Stringing You Along

Reel of thread photo by Amirali Mirhashemian

When first starting out in the beading life, too long ago to admit to, I bought a beading thread at a local bead shop – I was lucky enough to live near a bead shop! It was horrible thread that actually broke easily – even when strung only with seed beads.

Granted I went cheap, buying the less expensive of two threads, and after putting hours into a bead woven necklace, which broke, I bought the more expensive, Nymo thread.

In The Beading Room, we stock several kinds of stringing materials – appropriate for kumihimo, macrame, micro-macrame, loom work, bead stringing, and embroidery.

Asian Knotting Cord can be used for micro macrame, shamballa bracelets, bead crochet/knitting, bead weaving, tatting and more. If you are a crafty person, this cord is also great for use with Lego crane trucks, wind chimes, book bindings, and even purse handles.

Indian Cotton Cord is a waxed cord perfect for stringing, braiding, and other uses. The wax is rust resistant, waterproof, and doesn't have a chemical odor. Make jewelry, do leather sewing, make macrame crafts or anything else you can think of. Source ideas with a quick Pinterest search!

S-Lon Beading and Macrame Cord is a bonded, 3-ply twisted multi-filament cord, and is ideal for bead crochet, micro-marcrame and Kumihimo braiding, with some limited stringing of larger beads. We stock three sizes, a heavy .9mm, a 0.5mm (for beads with a .8mm hole – size 6, 8, or 11/0 seeds and most multi-hole shaped beads – and finally, a thin .25mm cord, which is coated for needle-free stringing.

And now we get to a large grouping of threads suitable for looming, bead weaving, and bead embroidery using beads to the smallest sizes, the 15/0s. Here, we get into discussions of what works best in which application – check out Facebook bead groups to read who likes which and why! There is no consensus amongst beaders.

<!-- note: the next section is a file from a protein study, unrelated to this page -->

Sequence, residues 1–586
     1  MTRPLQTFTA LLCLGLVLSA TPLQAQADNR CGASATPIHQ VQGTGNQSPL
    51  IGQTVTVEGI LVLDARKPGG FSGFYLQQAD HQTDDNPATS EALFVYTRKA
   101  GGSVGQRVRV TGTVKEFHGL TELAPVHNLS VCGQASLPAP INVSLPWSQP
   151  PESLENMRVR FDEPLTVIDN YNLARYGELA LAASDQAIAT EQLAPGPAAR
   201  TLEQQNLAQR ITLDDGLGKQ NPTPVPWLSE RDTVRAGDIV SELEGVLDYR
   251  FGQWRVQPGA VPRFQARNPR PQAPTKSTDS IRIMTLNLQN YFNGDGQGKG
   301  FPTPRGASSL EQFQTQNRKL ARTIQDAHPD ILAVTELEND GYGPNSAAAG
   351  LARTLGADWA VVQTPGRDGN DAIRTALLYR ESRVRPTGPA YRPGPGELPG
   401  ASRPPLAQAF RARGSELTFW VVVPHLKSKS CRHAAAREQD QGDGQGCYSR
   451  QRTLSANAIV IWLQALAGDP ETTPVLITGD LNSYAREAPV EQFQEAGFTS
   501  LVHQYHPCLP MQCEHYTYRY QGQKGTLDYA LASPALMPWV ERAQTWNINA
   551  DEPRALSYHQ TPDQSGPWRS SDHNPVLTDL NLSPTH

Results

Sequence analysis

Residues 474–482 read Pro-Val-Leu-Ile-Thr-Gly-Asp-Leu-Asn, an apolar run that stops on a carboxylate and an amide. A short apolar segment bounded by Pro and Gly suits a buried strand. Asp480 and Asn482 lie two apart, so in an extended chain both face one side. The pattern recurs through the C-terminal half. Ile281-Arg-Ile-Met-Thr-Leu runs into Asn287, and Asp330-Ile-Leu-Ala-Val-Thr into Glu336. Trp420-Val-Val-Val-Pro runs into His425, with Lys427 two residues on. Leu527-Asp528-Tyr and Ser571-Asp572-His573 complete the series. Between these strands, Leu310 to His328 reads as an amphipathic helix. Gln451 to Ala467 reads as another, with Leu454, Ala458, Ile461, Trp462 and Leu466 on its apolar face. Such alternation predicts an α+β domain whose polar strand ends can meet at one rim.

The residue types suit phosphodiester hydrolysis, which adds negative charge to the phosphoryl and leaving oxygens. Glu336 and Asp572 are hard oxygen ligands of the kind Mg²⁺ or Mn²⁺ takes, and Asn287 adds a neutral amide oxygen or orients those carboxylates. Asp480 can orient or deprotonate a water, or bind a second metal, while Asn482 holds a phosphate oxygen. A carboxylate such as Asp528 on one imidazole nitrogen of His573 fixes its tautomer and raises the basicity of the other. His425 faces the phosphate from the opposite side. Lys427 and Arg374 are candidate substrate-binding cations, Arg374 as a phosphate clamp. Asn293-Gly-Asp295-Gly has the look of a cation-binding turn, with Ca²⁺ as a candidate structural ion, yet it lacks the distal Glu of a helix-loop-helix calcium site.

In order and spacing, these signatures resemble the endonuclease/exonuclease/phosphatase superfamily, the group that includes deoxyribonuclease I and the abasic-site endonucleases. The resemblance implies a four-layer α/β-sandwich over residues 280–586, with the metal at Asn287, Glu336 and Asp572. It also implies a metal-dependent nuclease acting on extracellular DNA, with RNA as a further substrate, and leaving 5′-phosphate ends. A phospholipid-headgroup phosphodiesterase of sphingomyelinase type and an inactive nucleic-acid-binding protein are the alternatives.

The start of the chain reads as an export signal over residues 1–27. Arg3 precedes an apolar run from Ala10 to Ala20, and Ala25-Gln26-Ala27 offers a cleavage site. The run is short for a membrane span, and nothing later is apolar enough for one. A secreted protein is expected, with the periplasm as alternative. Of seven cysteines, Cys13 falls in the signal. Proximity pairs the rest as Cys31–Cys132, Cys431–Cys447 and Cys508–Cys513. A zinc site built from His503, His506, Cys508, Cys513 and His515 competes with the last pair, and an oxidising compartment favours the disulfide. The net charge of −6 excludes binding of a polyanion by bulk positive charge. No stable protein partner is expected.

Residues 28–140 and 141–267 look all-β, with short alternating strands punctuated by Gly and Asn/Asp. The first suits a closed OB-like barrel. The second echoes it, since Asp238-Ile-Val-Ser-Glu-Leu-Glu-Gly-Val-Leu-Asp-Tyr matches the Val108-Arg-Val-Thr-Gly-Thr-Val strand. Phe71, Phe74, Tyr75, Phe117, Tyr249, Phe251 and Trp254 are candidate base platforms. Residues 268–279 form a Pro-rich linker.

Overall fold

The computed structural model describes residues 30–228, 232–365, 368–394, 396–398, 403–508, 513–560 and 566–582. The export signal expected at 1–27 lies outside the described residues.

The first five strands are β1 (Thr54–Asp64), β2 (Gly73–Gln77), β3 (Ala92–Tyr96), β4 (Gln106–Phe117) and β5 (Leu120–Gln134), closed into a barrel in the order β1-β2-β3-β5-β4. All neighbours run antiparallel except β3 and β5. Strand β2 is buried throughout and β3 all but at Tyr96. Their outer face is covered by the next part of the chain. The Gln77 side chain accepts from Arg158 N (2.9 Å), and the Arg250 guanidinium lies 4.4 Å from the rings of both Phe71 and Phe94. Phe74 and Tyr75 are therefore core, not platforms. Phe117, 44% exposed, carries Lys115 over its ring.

Thread & beads photo by Lisa Woakes

Thread choice is important, varying in strength, width, flexibility, elasticity, and suitability for application. Some knot easily – as you work – and others blessedly are resistant to getting all knotted up leaving you with no option other than to cut your thread and rebead a section to add a new length of thread. One learns patience in a) selecting shorter lengths, unless otherwise indicated and b) proceeding very slowly at the beginning, coaxing the thread gently when a longer length is required.

Fireline Braided Bead Thread found its way into the bead world via its fishing line origins.  Fireline is one beading “thread” that comes close to universal appeal. It’s not thread, but a braided and spun polyetholine, reportedly the strongest fibre, per diameter, available. It’s recommended in many tutorials, and is especially suggested where beads with sharp edges would soon cut through regular nylon threads. The Beading Room stocks a variety of sizes, from 4lb to 8lb test, in a few lengths in either crystal or smoke colourations.

Knotting can be an issue as knots may slip out, so here is beader Patrick Duggan’s YouTube in which he shares his trick for sure-thing knotting.

Wildfire Beading Thread is also basically fishing line, but is sold only in bead stores as it’s made in the US for Beadalon. It’s also available in more colours, is colourfast, and holds knots.

KO Beading Thread was created by Japanese Master Beader Sonoko Nozue and is made in Japan of 100% nylon. It’s a delight to work with (can you tell I love this one!?) because it is pre-waxed, colourfast, tangle-resistant and can be knotted tightly and securely. Use size 10 or 12 needle with this thread, which is similar to a Nymo size B.

Available in 18 colours on our website, its one size-fits-most diameter will go through size 11/0s an amazing 12x, through 15/0s, 8x!

Nymo Beading Thread – we stock this nylon thread in 20 colours in size B, which offers 10 pass-throughs of size 15/0s and 18+ pass-throughs of size 11/0s. With an inherent stretch, Nymo is generally best where drape is needed. A bit stretchy so not good for weighty beading. And good for those who tend to sew or string with a naturally tight tension.

Silk Griffin Bead Cord is used with pearls, for example, to preserve the bead with a buffer, i.e., a knot of silk cord. Another application would be to add the buffer when going for a distinctive “look.” The Beading Room stocks several sizes in white and black.

But that’s not all the stringing materials we offer – so do check out our Stringing page for wire, chain, and threads, including jewellery tubing, French wire, and leather and suede cording!

We hope that sheds a bit of light on thread options!

Here’s to tangle-free beadwork! Cathy

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